You can also utilize its sector Radial Symmetry and Predictive stroke for assistive wizardry. These tools help you smooth lines and correct shapes. For layered PSDs, the app will preserve them, including the names, groups, and blending modes. Sketchbook is free to download with a seven-day free trial. After seven days, you need to provide your Autodesk ID.
You would only need one subscription for all devices. This includes multiple licenses for users, standard Autodesk licensing, and other perks. Adobe Fresco formerly Adobe Photoshop Sketch is one of the top drawing apps for a reason. Adobe has officially stopped support for Adobe Photoshop Sketch since January 10, Users of the app have access to a range of expressive drawing tools, like brushes that mimic an ink pen, graphite pencil, or marker.
You can integrate Adobe products seamlessly using the app, making it easier to import brushes from Photoshop and export your work to Photoshop or Lightroom. The app, however, only has over 14 different brush selections. Despite that, Adobe Fresco is still an excellent alternative to Procreate. It has a well-designed user interface UI and user experience UX and accurate tools, resulting in a more efficient workflow. Adobe Fresco is free to download and available for iPhone, iPad, and desktop.
Moreover, Adobe is a trusted name and makes Fresco one of the worthy alternatives to Procreate. Download for Windows. Concepts is a drawing app that has seen use in companies such as Disney, PlayStation, and Apple among other well-known companies.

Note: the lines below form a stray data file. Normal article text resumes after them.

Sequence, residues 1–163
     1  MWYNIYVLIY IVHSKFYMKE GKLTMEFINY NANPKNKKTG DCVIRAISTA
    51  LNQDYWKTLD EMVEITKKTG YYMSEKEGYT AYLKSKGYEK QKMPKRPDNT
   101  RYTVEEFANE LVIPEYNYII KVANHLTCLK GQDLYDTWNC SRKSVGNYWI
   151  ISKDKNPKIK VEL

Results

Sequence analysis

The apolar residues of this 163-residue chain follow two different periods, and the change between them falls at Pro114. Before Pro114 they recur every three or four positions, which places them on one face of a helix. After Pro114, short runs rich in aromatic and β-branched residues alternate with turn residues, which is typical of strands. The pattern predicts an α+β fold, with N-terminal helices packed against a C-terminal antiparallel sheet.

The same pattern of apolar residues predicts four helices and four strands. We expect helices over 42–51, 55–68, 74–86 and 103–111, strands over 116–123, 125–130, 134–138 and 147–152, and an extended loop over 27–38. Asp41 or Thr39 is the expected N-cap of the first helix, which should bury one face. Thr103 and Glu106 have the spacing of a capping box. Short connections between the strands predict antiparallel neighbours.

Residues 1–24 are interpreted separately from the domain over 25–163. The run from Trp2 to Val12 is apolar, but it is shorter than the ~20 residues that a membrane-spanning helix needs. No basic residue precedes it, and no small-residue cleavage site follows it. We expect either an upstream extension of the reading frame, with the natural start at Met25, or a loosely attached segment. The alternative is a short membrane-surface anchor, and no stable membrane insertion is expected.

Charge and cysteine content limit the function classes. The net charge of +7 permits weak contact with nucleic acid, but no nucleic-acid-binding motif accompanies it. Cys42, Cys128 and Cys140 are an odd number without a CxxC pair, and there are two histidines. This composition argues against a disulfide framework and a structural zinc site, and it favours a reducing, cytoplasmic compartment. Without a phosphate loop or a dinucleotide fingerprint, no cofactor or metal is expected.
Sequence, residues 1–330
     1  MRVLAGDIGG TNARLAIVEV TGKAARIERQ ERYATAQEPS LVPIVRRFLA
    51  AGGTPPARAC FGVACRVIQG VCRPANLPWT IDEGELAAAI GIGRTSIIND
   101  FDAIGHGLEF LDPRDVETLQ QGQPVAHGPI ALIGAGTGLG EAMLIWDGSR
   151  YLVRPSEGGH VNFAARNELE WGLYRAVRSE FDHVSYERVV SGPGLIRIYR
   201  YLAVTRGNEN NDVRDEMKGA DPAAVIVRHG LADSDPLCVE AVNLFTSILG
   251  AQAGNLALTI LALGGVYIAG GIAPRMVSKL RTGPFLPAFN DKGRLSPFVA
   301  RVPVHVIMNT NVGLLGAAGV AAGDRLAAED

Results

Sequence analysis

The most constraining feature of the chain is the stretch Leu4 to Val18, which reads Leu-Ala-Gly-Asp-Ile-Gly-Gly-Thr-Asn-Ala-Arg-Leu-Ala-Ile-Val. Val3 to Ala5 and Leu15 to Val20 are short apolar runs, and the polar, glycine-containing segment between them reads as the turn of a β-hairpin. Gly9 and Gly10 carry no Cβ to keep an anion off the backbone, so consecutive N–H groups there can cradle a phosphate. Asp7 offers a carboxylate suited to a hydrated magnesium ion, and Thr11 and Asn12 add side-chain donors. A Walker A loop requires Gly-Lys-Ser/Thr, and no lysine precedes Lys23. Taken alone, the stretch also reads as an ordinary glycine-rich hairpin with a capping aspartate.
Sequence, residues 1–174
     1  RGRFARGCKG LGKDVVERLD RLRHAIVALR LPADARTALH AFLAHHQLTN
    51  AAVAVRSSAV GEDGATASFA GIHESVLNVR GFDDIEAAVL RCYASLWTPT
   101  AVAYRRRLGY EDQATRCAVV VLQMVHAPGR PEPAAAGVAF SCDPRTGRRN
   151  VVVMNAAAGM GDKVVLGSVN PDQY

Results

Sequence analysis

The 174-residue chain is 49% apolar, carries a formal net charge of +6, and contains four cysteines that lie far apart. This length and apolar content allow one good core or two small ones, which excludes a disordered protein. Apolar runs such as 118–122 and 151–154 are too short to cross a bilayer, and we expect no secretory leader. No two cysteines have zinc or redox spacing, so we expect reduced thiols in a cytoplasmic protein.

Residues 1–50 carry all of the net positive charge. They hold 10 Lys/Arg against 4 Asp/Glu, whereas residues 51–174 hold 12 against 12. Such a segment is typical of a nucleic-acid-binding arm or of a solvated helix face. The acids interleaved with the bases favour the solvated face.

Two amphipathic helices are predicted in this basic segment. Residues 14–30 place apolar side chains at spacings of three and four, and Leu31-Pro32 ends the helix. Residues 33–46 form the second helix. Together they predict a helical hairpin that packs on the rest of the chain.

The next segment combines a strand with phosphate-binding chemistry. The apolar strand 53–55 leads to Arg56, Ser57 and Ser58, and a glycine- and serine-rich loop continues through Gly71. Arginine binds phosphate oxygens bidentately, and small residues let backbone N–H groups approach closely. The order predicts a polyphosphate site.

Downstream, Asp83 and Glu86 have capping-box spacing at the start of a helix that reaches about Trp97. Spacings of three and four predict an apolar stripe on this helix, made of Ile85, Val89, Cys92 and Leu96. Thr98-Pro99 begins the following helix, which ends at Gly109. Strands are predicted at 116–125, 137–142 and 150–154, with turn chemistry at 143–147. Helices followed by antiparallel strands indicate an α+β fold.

Now available on Android, Concepts allows its users to showcase their creativity and create amazing pieces of artwork or simple doodles. This drawing app is very flexible and lets artists use a wide array of tools for their artworks. You can select from a range of pens and pencils, as well as an infinite canvas. Concepts will allow you to sketch small or large-scale projects. It also allows you to add layers upon layers to create your dream project. Also, you can get Concepts absolutely free of charge.
Just press the install button on your Google Play Store to download this app. However, if you want more options, then you can get the Pro Pack or Subscription version. Subscription can be paid either annually or monthly depending on your preference. What separates EX from the Paint Pro version is that it can help you illustrate manga and comics.
Yes, the Paint EX version is friendly to illustrators of manga, comics, and animations. Astropad has since upped its game with the new Astropad Studio, a subscription version of the app aimed squarely at graphics professionals using the iPad Pro and the Apple Pencil. Designed to work through Wi-Fi or a USB connection, Astropad Studio boasts improved responsiveness, gesture controls, keyboard support, and more.. Download Astropad Studio: iOS opens in new tab.
Pixelmator’s iOS port delivers a powerful image editing and digital painting tool to mobile devices that syncs well with its bigger macOS version.